By Brad Lomenick. Reposted from SermonCentral:
ABOUT YOUNG LEADERS
Today’s 20- and 30-somethings are more willing to collaborate than any other generation before. They trust each other. Really. And they see collaboration as the starting point, not as some grandiose vision of teamwork that is far off in the distance.
For the next generation, it’s way less about who they’re working with and way more about what they’re doing.
Going forward, leaders won’t have followers unless they trust them and see that they are authentic and real. Authenticity is not only important to the next generation, it’s a requirement.
Young leaders are ambitious and passionate about making a difference now. They’re not willing to wait their turn. They want to influence now.
Leaders age 35 and under in general are more about projects than they are about careers, more about movements instead of organizations. So if you want to keep us around in your organization, you’re going to have to pursue us. Show us you are approachable and connected to where we are in life.
Literally, you need to kick them out. Not only give them permission to leave, but actually encourage them to leave and pursue other things. Once it’s time for them to move on, they might need your encouragement to pursue what God might be stirring up in them.
Every young leader I know could use a whole lot more saged leaders in their life.
What keeps you up at night? This one is a familiar question for most leaders. What makes you cry? What makes you mad? What are the things that nag at you? This question has to do with what you are passionate about.
What gets you up in the morning? This one is less familiar to most of us, but probably even more important. What keeps you and your team committed? Engaged and excited? This question has more to do with purpose.
Don’t settle for just going through life enduring the five days of the workweek, to only have as your greatest goal of the week to make it to the weekend. Love what you do, or at least like it. It’s too important not to.
As believers, as followers of Jesus, if we’re not chasing after something that is so much bigger than we are, and there’s no way we could ever accomplish it without God, then we are playing it too safe.
Making decisions as a leader is normal and ordinary and required. It’s why you are a leader. Embrace it.
For big decisions, always sleep on them. The extra time will allow your decision to be made without the spontaneous emotion that comes with a spontaneous response.
Create a culture of action in your organization. Many leaders quickly become overwhelmed with several decisions in front of them and then unintentionally paralyze the organization by avoiding them all.
A lot of us as leaders are willing to allow our team members to make decisions, but want to step in as soon as we see something done differently than we would do. Don’t make that mistake. It is totally demoralizing to your team.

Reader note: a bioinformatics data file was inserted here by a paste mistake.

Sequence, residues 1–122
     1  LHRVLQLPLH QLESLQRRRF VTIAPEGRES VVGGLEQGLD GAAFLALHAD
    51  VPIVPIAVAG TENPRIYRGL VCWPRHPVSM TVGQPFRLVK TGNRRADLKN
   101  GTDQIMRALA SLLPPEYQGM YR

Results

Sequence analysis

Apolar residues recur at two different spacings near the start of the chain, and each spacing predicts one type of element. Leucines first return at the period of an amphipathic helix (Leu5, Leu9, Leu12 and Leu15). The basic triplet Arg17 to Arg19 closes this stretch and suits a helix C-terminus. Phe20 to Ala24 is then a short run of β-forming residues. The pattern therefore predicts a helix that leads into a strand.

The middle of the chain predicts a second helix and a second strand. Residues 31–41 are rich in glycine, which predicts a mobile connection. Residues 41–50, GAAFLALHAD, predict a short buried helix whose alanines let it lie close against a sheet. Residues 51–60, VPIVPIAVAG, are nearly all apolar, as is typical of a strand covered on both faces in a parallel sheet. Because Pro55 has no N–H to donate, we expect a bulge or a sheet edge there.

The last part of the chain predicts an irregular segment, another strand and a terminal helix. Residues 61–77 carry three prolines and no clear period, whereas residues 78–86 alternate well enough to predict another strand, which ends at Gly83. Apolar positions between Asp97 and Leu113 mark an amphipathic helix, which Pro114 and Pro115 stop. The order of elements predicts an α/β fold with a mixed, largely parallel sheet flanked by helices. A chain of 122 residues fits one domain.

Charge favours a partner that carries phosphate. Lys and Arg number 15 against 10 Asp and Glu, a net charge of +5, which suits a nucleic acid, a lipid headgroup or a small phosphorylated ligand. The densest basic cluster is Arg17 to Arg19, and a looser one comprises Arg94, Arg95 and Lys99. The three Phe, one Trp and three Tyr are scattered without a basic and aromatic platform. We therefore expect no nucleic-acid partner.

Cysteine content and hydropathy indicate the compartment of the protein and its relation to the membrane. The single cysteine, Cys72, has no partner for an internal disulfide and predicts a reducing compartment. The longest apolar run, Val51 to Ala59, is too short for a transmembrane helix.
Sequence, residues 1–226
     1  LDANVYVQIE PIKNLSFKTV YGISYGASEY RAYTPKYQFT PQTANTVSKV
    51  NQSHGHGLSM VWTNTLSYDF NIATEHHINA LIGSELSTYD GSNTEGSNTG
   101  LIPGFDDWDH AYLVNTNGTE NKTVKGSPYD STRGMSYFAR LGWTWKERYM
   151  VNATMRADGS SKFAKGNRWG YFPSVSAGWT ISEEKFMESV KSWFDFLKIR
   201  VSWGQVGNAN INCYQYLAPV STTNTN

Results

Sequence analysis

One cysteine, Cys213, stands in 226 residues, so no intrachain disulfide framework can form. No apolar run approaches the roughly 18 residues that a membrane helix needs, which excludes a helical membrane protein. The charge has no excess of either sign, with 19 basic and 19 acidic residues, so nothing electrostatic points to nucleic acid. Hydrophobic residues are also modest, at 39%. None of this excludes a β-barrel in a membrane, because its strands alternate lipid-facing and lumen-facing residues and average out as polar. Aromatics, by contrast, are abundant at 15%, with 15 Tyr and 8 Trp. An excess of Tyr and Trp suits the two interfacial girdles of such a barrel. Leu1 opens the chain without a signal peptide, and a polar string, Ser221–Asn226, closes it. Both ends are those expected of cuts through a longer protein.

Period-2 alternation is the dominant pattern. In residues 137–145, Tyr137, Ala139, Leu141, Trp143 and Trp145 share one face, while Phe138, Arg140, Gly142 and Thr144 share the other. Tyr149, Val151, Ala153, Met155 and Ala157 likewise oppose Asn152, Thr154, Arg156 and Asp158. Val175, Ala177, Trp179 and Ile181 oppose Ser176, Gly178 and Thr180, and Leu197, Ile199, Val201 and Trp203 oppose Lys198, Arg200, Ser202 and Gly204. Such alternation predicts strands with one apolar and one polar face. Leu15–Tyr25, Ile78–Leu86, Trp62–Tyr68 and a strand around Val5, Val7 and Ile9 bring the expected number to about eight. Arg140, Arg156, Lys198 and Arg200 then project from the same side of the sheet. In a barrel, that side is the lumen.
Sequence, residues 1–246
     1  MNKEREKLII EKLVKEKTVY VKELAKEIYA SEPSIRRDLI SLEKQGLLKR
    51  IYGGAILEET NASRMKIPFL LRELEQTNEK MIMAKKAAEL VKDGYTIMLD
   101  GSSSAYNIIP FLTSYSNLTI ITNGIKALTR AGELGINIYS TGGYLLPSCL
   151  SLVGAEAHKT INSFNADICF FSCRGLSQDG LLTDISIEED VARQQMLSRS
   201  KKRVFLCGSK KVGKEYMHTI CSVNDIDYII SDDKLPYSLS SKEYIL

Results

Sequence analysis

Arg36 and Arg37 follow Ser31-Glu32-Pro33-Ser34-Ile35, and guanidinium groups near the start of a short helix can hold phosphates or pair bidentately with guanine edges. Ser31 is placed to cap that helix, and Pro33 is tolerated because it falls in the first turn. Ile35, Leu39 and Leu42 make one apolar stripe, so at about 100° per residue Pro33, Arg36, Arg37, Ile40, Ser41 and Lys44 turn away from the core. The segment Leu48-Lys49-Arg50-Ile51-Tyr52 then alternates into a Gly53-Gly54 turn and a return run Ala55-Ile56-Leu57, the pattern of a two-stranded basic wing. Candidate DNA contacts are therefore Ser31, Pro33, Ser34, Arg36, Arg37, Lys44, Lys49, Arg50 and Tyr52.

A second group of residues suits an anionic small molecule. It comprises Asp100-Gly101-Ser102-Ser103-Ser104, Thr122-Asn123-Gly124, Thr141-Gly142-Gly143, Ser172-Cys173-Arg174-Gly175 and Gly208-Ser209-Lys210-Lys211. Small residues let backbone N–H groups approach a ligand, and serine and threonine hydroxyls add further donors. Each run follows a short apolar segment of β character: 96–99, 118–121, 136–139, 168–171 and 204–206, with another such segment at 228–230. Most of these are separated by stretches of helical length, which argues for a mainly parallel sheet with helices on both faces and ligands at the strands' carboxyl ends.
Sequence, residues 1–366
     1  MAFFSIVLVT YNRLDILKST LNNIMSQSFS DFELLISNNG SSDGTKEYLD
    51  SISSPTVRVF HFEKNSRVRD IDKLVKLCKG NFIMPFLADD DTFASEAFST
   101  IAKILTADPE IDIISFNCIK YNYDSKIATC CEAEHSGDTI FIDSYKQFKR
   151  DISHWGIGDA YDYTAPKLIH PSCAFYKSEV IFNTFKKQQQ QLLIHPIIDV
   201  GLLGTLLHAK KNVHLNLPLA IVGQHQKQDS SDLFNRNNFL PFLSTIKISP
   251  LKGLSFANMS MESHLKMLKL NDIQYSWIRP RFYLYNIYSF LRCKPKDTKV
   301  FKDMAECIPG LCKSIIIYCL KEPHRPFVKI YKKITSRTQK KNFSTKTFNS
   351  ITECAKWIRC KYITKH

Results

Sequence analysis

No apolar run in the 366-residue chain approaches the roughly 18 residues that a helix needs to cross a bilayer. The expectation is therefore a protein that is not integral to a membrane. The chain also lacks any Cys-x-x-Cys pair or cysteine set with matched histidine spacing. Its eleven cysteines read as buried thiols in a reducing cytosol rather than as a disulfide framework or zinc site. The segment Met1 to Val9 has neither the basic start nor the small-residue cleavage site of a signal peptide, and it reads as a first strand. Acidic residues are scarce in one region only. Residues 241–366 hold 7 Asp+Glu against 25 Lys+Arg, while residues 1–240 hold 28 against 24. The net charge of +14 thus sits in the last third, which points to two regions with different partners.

Tension is a powerful platform to clarify what is important. Out of tension many times comes change—change for good.
Generational tension is essential in passing the mantle of leadership. For the Church to move forward in culture, older leaders must pass on their wisdom and legacy to younger leaders.
Leaders lead in the fray. Leading in the safety zone is easy, but true leadership happens in the fray where change is happening and there is a unique tug-of-war happening in that area.
Tension among and within a team is healthy. Unity doesn’t mean there’s no tension. Unity means you are pursuing the same mission in the midst of real and purposeful tension.
As a leader, lean into the tension that constantly exist. As Andy Stanley says, some tensions are meant to be managed, not removed.
Four things poison a team faster than anything else: arrogance, lack of communication, “me-first” vs. “we-first,” and jealousy/cynicism.
Keep it simple. Stay focused on a few key points. And use common sense. If it sounds confusing, it probably is. If it sounds cheesy, it probably is.
Tell great stories to validate your points. Unless you are just an amazing communicator, your points probably won’t hold me. So sprinkle in some great stories, good analogies, and current events.
Inspire action. Push me toward doing something, not just hearing something.
Create hooks, repetitions, and memorable phrases. I won’t remember all you said, but I might remember something you said. Our current culture is now built around sound bites—status updates, tweets, texts, etc. So keep it simple, but also keep it short.
Land the plane on time. Don’t just end on time, but actually end with the right timing. Don’t keep circling above the runway—land it now.
12 Characteristics of Leaders
- Be humble
- Be authentic
- Be generous
- Be Christ-like
- Be the best at what you do
- Be consistent
- Be courageous, willing to go first and take risks
- Be honest and trustworthy